- Internship: During the last year of medical school, students apply for postgraduate residencies in their chosen field of specialization. These are more or less competitive depending upon the desirability of the specialty, prestige of the program, and the number of applicants relative to the number of available positions. All but a few positions are granted via a national computer match which pairs an applicant's preference of position with the programs' preference for applicants. The first year of any residency is known as "internship". Completion of this year is the minimum training requirement for obtaining a license to practice medicine in the U.S.
- Residency: Each of the specialties in medicine has established its own curriculum, which defines the length and content of residency training necessary to practice in that specialty. Programs range from three years after medical school for internal medicine to five years for surgery to eight or nine for neurosurgery. Each specialty incorporates an internship year to satisfy the requirements of licensure. All specialties hold a board exam (either written or written and oral) at the completion of training in order to confer "Board Certification" in that specialty.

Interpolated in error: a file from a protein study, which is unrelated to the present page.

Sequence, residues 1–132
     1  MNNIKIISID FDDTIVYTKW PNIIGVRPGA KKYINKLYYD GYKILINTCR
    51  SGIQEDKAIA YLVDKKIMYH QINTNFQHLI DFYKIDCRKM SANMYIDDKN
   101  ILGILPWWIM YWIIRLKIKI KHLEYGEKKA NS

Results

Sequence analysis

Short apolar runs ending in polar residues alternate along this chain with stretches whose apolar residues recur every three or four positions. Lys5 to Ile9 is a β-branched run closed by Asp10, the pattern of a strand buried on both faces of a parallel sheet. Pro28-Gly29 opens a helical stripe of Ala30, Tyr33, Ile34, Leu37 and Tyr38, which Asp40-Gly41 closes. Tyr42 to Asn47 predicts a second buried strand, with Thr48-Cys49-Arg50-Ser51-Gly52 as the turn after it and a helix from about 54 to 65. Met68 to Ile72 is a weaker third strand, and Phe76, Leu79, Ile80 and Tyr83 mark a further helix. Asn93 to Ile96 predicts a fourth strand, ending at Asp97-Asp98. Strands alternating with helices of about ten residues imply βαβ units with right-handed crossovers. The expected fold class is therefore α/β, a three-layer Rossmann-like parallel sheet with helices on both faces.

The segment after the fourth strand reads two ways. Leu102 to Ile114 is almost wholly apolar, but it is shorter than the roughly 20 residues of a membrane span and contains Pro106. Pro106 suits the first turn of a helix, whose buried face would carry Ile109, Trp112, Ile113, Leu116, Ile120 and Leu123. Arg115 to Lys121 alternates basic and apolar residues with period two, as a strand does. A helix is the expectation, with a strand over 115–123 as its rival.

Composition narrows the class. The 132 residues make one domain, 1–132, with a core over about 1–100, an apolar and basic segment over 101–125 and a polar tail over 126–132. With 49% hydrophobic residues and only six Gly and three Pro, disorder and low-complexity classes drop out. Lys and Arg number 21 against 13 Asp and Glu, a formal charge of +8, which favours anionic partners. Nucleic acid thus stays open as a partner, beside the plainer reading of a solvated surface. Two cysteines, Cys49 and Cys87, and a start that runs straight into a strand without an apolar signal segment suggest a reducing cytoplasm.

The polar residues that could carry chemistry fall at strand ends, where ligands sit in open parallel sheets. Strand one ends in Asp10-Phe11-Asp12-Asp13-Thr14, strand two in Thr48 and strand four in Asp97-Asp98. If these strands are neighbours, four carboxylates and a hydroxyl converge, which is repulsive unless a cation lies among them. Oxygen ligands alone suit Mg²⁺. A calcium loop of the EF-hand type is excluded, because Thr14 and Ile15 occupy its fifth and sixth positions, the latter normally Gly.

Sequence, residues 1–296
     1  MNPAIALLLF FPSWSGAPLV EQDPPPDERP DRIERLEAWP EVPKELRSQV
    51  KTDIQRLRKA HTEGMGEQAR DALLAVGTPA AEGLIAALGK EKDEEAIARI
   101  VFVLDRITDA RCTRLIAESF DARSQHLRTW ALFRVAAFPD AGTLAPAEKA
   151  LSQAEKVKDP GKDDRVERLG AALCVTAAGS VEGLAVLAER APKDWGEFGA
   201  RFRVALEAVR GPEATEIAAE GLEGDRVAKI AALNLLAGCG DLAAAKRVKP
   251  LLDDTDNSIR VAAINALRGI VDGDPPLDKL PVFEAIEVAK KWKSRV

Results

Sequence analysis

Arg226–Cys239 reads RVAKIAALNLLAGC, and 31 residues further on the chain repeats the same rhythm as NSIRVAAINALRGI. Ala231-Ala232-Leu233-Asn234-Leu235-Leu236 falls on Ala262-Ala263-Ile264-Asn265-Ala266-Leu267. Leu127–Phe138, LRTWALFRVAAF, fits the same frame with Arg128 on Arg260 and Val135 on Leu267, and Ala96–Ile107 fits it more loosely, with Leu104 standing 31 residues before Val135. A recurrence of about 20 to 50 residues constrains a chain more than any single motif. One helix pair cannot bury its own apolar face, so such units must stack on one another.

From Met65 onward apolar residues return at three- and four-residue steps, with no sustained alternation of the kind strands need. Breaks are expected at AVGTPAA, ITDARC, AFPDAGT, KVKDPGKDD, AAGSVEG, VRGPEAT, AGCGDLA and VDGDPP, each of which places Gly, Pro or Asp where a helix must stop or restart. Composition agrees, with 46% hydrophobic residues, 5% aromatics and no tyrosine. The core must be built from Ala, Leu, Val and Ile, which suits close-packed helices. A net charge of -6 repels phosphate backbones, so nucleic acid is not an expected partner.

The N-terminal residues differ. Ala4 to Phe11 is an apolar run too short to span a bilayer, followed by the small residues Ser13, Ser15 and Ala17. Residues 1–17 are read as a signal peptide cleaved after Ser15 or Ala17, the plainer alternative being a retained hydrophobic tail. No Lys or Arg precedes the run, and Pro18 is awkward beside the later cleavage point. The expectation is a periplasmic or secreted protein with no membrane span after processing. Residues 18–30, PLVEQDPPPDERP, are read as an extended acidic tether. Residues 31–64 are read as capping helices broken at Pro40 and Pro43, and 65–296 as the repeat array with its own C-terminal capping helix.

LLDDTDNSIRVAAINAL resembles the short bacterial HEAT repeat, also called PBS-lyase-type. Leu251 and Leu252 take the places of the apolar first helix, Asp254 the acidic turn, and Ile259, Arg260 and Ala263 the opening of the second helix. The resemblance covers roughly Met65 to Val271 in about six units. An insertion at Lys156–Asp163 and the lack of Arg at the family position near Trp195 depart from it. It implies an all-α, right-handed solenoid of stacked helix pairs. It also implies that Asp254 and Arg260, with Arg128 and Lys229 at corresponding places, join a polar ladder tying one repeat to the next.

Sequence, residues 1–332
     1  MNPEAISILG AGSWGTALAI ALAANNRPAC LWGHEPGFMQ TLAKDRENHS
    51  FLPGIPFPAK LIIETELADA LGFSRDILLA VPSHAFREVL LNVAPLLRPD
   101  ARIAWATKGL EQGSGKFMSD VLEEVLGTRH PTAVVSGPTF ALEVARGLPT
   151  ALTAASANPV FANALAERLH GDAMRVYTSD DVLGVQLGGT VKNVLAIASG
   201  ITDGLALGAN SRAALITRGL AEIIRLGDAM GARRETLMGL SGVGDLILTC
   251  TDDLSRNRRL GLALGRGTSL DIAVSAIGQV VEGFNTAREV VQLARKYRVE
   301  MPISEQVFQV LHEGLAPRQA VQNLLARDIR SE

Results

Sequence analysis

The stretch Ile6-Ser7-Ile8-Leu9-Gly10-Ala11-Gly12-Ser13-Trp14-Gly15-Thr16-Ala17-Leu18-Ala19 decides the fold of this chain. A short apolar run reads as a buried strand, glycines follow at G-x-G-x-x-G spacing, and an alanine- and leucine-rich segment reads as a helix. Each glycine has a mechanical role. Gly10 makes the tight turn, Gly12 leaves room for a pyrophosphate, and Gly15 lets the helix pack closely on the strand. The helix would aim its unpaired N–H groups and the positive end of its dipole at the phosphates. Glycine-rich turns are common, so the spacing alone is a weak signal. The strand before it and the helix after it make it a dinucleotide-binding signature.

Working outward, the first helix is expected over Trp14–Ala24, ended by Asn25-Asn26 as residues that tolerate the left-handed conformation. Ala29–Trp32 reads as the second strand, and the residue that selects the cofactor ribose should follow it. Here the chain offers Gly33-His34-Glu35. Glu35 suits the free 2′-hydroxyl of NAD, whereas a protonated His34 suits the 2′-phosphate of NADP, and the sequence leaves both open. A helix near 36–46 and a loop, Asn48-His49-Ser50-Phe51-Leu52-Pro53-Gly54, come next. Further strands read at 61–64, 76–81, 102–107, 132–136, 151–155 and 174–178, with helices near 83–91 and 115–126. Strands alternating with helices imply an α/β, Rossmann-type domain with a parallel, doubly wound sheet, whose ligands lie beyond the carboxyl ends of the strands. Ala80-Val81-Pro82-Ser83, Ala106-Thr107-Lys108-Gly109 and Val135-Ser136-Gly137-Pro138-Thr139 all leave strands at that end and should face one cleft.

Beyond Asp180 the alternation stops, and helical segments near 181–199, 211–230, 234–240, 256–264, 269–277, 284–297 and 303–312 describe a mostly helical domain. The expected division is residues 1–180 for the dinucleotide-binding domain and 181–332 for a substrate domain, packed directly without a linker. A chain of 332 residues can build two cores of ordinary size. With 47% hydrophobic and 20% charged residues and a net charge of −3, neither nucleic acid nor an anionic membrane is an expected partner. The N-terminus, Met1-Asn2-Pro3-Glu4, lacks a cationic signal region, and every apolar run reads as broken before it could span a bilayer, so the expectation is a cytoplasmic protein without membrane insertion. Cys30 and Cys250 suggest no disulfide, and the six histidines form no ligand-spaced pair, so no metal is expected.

- Fellowship: Certain highly specialized fields require formal training beyond residency. Examples of these are Cardiology, Endocrinology, Oncology after Internal Medicine; Cardiothoracic Surgery, Pediatric Surgery, Surgical Oncology after General Surgery to name just a few. There are many others for each field of study. The training programs for these fields are known as fellowships and their participants are "Fellows" to denote that they already have completed a residency and are "Board Eligible" or "Board Certified" in their basic specialty. Fellowships range in length from one to three years and are granted by application to the individual program or sub-specialty organizing board.
- Attendings: The physician or surgeon who has completed her or his residency and possibly fellowship training and is in the practice of their specialty is known as a Attending. These are the physicians who may independently care for patients and are the final arbitors of care. They are responsible for all care decisions and may bill for their services.